For others, working from home has been a struggle. This can be due to other commitments such as childcare, or the lack of a routine separating work from personal lives, or simply missing the social aspect of working together and collaborating. A concern that was mentioned by several firms is the blurring of working hours, with meetings being scheduled very late in some cases, which did not happen when teams were working from offices.
Other downsides to the remote working environment include difficulties in implementing new policies that require employee buy‐in. It is tougher to sell a new idea over telephone or video conferencing since it is harder to gauge people’s levels of engagement.
Institutional people risk – longer term challenges
As well as the individual challenges and benefits of working in a more distanced way, there are also longer‐term people risks that institutions will face on how they will recruit, nurture, and retain talent.
Training and progression in a new environment
Some reported that training has proven to be very difficult in the current remote environment. It is more challenging to share knowledge with colleagues through the use of collaborative software.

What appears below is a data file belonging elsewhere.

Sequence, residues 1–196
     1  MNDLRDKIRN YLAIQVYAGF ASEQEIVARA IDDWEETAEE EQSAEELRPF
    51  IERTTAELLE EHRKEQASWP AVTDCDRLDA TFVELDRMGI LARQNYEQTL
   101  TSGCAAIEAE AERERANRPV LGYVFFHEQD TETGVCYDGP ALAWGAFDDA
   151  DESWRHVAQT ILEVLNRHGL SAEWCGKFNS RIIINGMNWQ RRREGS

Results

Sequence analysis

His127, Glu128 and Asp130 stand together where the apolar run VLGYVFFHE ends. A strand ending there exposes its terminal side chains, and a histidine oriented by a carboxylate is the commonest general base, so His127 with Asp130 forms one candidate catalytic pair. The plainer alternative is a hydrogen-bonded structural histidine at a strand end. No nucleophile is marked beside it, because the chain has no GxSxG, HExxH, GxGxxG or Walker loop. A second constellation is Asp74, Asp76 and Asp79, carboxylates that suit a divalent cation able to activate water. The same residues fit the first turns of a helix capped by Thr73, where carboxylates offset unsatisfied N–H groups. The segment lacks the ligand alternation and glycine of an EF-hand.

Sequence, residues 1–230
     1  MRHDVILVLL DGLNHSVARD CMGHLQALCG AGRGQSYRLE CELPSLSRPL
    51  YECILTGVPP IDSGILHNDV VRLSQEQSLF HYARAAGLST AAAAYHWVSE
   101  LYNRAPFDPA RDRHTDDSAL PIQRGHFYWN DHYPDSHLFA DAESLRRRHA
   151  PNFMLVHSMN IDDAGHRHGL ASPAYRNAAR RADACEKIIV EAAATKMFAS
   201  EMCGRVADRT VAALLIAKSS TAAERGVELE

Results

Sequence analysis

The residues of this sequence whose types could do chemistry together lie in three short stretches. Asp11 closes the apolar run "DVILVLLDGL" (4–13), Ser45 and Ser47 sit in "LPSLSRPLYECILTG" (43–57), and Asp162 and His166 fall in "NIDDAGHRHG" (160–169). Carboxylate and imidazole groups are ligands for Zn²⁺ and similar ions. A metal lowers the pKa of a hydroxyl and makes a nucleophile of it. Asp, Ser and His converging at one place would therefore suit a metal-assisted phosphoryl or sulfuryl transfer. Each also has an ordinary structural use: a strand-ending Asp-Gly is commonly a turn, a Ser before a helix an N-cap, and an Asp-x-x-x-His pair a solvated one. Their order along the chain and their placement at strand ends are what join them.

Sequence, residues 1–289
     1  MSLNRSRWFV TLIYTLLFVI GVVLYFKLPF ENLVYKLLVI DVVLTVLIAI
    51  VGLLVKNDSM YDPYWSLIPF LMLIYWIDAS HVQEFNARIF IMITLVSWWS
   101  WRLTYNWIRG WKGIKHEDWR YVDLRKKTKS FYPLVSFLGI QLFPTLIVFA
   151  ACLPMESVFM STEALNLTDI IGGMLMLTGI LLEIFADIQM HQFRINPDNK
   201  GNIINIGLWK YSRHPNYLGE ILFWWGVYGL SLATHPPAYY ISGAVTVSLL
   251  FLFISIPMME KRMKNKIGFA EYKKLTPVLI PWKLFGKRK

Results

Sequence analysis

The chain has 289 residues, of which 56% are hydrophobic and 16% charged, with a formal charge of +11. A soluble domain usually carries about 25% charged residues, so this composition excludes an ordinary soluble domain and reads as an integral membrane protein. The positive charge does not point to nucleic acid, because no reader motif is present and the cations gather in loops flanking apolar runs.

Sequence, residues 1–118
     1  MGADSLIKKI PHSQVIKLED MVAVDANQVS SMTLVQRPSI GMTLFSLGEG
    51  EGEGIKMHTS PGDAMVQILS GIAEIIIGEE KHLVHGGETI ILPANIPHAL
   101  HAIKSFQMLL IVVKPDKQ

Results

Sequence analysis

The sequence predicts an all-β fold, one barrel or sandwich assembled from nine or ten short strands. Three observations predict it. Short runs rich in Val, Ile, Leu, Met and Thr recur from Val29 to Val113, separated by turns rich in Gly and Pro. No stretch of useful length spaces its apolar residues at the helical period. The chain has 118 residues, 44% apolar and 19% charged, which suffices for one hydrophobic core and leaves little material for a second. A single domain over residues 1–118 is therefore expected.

Instead of asking for support from those around them, as employees would typically do in the office, there is now a need to schedule meetings for when colleagues are available. There is also an increased dependence on experienced employees to provide guidance, as well as support business as usual activities.
Progression and nurturing have also been hindered with a lack of networking and limited training opportunities. There is a risk that there is a perception that career opportunities may be limited for employees that choose to work from home instead of going into the office, which could lead to contradictory incentives when returning to the office in a phased approach.
Recruitment and onboarding
Participants reported mixed experiences of recruitment during the crisis. Several were pleasantly surprised at how quickly new senior employees fitted into a virtual team.
However, being physically present in the recruitment process goes a long way in getting to know prospective employees, and gauging whether a prospect is the right fit for the organisation.
Members agreed that being visible during the remote working recruitment process can partially offset these challenges and improve the prospects of a candidate. Once a new starter has been visually introduced, it is much easier for them to integrate into the team.
Due to capacity constraints, some recruitment cycles have been paused or shortened, which includes certain internship programmes.
Reaching a turning point
So far, institutions have deferred some strategic activities to prioritise more immediate business continuity and client facing activities. However, there is a sense that several are reaching a turning
point and are now looking to start, or re‐start, longer‐term IT projects and operational risk framework change activities.
Global Banking & Finance Review